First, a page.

How Nike Is Getting To Production FastHow Nike Is Getting To Production Fast
Nike has implemented Michael Porter's view of technology becoming an integral part of product value into its business. Fitness is a key area where IoT wearable technologies combined with new apps will become differentiating factors that influence which new sports shoes and clothes we buy.
March 17, 2015
By Neil McEvoy
Nike (NKE) has implemented Michael Porter's view of technology becoming an integral part of product value into its business. Fitness is a key area where IoT wearable technologies combined with new apps will become differentiating factors that influence which new sports shoes and clothes we buy.
It's therefore essential that the corporate IT team recognizes and keeps up with this shift, and how Nike is doing so is described in this video of their presentation at Amazon's 2014 Re:invent conference, where Jason Robey talks through their move to a ‘microservices’ approach to application development.
In this presentation he describes how the firm is committed to a fast pace of innovation and that digital is a top priority for the company, however upon starting his role he inherited a situation that proved contrary to these goals.
He recalls being presented with a "code red" scenario, a production system that was barely stable, servers that wouldn’t start, very little test and validation so that nearly every release contained defects, and despite engineers working 24/7 the new feature deployment cycle was months long.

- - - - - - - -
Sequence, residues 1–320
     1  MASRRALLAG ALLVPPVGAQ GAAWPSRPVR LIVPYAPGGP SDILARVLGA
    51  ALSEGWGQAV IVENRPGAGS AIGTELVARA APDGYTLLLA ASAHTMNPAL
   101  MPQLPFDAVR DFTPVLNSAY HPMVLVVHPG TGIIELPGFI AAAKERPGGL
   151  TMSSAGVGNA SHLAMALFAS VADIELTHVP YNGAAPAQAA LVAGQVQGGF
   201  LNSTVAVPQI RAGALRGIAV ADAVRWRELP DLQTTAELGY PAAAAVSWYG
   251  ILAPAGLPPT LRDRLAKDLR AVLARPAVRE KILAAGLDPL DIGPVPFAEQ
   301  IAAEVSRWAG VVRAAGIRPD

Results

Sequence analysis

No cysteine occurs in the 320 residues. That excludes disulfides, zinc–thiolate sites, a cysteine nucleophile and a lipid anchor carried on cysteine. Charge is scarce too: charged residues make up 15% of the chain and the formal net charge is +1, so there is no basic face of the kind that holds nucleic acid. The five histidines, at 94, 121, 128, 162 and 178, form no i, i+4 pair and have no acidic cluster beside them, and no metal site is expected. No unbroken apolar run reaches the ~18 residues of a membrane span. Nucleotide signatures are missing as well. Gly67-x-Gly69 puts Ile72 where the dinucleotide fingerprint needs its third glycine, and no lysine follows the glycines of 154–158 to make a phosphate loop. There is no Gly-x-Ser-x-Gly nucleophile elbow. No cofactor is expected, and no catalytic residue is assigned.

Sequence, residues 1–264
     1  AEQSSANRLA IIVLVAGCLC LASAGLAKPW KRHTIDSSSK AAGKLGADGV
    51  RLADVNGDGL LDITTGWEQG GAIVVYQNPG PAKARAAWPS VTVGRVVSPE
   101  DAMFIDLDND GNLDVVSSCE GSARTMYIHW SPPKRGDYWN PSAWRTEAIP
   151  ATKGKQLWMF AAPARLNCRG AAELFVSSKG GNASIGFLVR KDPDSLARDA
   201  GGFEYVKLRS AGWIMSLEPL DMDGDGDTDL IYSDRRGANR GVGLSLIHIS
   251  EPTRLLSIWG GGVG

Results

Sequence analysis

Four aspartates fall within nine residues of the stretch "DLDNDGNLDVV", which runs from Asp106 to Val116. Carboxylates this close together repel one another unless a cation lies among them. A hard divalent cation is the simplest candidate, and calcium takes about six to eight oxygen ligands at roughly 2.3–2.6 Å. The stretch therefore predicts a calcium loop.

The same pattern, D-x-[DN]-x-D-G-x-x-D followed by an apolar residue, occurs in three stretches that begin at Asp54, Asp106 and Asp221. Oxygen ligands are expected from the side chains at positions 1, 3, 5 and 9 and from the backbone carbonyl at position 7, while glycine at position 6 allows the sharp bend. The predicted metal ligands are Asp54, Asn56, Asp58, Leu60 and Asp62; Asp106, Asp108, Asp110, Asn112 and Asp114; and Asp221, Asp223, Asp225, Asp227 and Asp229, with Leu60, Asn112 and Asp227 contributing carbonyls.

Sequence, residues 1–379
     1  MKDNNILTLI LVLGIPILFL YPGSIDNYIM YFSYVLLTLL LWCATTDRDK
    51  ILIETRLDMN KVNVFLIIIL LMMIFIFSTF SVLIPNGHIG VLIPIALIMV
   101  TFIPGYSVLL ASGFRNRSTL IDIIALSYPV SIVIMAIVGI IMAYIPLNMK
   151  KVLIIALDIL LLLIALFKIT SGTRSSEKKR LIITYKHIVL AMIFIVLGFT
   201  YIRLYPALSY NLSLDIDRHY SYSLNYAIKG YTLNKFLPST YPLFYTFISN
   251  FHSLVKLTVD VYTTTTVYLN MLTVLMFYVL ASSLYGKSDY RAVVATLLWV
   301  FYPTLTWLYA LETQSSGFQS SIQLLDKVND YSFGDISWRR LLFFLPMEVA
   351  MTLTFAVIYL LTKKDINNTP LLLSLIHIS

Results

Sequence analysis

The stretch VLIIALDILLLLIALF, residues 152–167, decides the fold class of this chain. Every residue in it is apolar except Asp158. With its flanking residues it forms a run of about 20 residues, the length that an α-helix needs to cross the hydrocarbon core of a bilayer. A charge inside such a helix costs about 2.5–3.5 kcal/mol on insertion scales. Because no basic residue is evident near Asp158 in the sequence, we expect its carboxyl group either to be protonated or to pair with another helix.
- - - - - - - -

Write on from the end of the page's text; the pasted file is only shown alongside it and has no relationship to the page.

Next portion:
At first they tried to tackle the situation by moving into a deep vertical stack using expensive technology, which tackled some issues but ultimately ended up "building a monolith." While this made many improvements including stabilizing the systems they still experienced issues like configuration management delaying the software cycle, database deployments were still too manual, and in general they were still moving too slowly, especially due to factors like slow organizational decision making.
Now they were down to a three week development cycle, but of which only two days was pure coding, the bulk was tied up in the stabilization processes.
So Jason then began them on their journey towards a microservices approach.
They embraced the Phoenix pattern to implement immutable servers, via Amazon AMI instances, and adopted the shared nothing architecture. They also began making extensive use of the Netflix OSS stack, where tools Conformity Monkey combined very effectively with AWS features, like the management console and Amazon SNS & SQS for notification messaging, to provide them powerful architecture and tools, like dynamic discovery with Eureka.
Indeed their case study highlights just how powerful the combination of Cloud and microservices can be. For example at 25:00 he explains how “scaling concerns do not cross functional boundaries”, meaning that capacity for one service can expand elastically without affecting any other services.
All of this was part of an overall goal of achieving a Continuous Delivery model, so that they could "Get to Production Fast." Now the delivery of new features can be achieved in days and weeks not months as their SCRUM team model works much more effectively, with more innovation projects possible while still also reducing the number of lines of code they work with, thanks to working with microservices not a big monolith.
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